If you are a property manager, a rental property owner, or a property owner that is self managing, how are you adding value to your property? What is value in a home or apartment rental?
- Rental rates
- Quality of the asset or condition of the property
- Expense management
- Liability exposure
Most of these items are connected and positively or negatively correlated. For example, raising rent above market will increase value, but the expense of increased vacancy may out-weight the potential benefit. Another example: reducing maintenance expenses will increase value, but could potentially reduce the quality of the asset and potentially reduce market rent. There are a few philosophies owners and managers can do to create a plan based on the property.
Are you shopping competitors? Are you researching area vacancies and rental prices? What is vacancy? Are there any curb appeal items or maintenance items that can be completed to raise rent?
Quality of Asset
Full property assessment should include rating the life on all of the systems of the building. For example, how long will the siding, roof, windows, cement, etc. last before replacement. Are any exterior items driving the value of the property down. Examples include excessive satellite dishes, personal property, quality of landscaping, and personal property. Do you have an improvement plan to update these systems over the life of your investment. If items are to be deferred, what is the cash return on the deferment?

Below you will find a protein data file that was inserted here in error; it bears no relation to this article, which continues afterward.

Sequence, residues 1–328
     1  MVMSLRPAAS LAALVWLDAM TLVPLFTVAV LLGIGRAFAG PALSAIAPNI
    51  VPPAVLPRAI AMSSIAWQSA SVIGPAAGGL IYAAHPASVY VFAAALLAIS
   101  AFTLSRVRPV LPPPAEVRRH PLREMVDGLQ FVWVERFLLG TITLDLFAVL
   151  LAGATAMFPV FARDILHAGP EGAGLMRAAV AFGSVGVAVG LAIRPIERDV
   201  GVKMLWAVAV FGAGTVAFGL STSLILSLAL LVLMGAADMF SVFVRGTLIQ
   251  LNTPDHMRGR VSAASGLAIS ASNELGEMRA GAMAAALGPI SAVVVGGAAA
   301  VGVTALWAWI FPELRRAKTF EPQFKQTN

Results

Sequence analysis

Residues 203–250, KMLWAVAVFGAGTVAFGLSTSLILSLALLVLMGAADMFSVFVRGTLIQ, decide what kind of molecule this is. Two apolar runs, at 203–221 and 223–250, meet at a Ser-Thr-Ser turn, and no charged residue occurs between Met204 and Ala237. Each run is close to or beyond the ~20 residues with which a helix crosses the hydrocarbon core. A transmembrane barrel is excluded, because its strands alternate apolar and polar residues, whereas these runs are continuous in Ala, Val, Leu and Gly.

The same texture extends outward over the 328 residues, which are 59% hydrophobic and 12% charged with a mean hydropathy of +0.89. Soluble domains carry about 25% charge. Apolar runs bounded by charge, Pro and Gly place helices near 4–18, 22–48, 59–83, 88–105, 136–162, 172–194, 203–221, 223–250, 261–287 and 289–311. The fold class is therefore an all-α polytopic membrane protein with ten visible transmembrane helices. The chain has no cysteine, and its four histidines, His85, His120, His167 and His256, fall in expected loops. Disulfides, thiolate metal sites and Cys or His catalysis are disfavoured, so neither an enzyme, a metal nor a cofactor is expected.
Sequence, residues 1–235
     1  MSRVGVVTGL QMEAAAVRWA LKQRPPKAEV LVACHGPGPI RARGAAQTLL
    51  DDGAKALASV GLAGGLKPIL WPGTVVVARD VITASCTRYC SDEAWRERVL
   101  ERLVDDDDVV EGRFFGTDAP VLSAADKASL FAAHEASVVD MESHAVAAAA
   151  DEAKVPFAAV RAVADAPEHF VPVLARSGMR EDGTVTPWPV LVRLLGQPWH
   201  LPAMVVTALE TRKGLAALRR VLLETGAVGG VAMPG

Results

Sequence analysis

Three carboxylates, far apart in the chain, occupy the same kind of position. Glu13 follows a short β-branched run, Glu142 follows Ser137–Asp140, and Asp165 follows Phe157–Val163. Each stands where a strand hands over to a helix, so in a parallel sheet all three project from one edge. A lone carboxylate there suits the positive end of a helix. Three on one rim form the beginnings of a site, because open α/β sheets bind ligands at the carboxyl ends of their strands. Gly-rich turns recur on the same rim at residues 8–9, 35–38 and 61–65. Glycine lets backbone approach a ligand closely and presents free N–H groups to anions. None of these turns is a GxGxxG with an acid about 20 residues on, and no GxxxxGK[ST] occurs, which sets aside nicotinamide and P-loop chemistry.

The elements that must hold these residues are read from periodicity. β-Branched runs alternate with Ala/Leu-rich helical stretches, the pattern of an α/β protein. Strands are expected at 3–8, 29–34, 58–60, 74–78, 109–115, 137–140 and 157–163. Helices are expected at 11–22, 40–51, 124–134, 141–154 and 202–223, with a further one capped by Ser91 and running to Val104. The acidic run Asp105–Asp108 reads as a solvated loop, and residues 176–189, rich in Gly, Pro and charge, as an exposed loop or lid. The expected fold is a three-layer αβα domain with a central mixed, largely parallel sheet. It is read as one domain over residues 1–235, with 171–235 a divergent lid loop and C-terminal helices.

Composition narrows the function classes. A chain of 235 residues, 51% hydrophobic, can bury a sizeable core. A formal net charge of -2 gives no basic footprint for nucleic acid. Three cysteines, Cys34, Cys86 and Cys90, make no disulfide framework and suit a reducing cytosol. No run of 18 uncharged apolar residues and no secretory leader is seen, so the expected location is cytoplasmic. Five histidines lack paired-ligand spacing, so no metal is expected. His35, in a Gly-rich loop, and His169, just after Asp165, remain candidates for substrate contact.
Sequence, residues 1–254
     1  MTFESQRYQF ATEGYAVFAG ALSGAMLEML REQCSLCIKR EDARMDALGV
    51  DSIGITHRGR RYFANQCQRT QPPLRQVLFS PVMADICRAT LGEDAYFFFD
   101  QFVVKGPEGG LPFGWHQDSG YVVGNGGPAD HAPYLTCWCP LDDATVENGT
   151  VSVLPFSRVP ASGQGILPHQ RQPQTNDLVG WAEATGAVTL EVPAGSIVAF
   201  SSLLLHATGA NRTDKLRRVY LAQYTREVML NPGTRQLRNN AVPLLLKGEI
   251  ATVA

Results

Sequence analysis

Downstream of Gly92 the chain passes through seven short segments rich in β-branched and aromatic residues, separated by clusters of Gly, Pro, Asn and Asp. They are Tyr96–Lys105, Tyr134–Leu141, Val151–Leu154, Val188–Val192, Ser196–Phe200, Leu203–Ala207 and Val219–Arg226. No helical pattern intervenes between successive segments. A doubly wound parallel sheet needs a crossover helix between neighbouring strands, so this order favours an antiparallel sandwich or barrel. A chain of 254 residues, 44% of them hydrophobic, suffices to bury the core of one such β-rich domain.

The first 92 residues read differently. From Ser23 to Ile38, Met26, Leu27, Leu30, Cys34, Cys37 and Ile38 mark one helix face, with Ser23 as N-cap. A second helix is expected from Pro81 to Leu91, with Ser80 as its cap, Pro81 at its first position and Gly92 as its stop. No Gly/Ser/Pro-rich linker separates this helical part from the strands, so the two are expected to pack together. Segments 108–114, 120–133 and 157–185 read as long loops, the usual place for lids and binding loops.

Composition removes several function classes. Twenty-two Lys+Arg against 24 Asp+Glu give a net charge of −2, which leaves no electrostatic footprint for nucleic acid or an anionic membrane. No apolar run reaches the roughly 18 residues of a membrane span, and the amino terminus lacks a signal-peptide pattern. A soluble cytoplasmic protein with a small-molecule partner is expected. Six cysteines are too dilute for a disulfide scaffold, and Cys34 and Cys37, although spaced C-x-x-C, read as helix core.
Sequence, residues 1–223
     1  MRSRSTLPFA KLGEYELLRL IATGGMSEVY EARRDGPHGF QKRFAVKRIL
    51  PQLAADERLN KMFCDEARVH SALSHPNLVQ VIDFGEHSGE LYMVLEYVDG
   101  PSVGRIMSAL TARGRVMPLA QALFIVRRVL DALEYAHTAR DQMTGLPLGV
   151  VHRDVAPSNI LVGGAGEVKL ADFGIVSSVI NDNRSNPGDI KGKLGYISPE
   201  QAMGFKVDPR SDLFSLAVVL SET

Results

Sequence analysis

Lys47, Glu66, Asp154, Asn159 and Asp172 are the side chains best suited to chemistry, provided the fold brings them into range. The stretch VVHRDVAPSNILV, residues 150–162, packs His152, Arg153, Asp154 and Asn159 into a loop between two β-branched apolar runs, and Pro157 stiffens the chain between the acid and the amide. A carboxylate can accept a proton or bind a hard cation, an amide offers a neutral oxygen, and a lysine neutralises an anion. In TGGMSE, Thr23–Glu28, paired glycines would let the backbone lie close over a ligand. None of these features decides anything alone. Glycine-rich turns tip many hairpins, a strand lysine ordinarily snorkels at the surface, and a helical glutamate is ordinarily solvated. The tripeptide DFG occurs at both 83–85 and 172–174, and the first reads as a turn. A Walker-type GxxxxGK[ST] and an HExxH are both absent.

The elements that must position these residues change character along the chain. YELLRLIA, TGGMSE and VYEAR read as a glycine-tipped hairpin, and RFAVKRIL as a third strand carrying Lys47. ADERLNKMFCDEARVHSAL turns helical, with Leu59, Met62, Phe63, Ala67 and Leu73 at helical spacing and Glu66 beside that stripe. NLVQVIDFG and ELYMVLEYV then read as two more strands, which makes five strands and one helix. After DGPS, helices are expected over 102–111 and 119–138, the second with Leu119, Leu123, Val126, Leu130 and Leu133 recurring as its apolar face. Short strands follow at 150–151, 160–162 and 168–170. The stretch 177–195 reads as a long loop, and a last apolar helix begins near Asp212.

Do you have a preventative maintenance plan? Do you have a plan for updating? Lack of planning can be the greatest factor in unforeseen and many times unnecessary expenses on a rental property. Does your turnover process lift expectations for tenants maintaining the property or reduce expectations. Are you holding the tenant responsible for expenses such as screen replacement and light bulb updating. These seem like small expenses but tend to add up.
What is the likelihood for a loss related to a lawsuit? Can that likelihood be reduced? What is the cost/benefit of reducing the exposure? Liability can be found in many different arenas of managing rental properties. A few examples include: risk of Fair Housing complaint, property risks such as uneven sidewalks, liability exposure with vendors. Training programs for leasing staff, sidewalk replacement, and being listed as an “additional insured” on vendor policies are all examples of reducing risk. The costs could include paying more for vendors, cement replacement cost, and training expense.
Approaching property management as a value adding procedure begins with a philosophical approach. The philosophy you build can lead decision making. Using value add principals and thinking about and measuring value additions can greatly improve property values and rents especially over longer periods of time.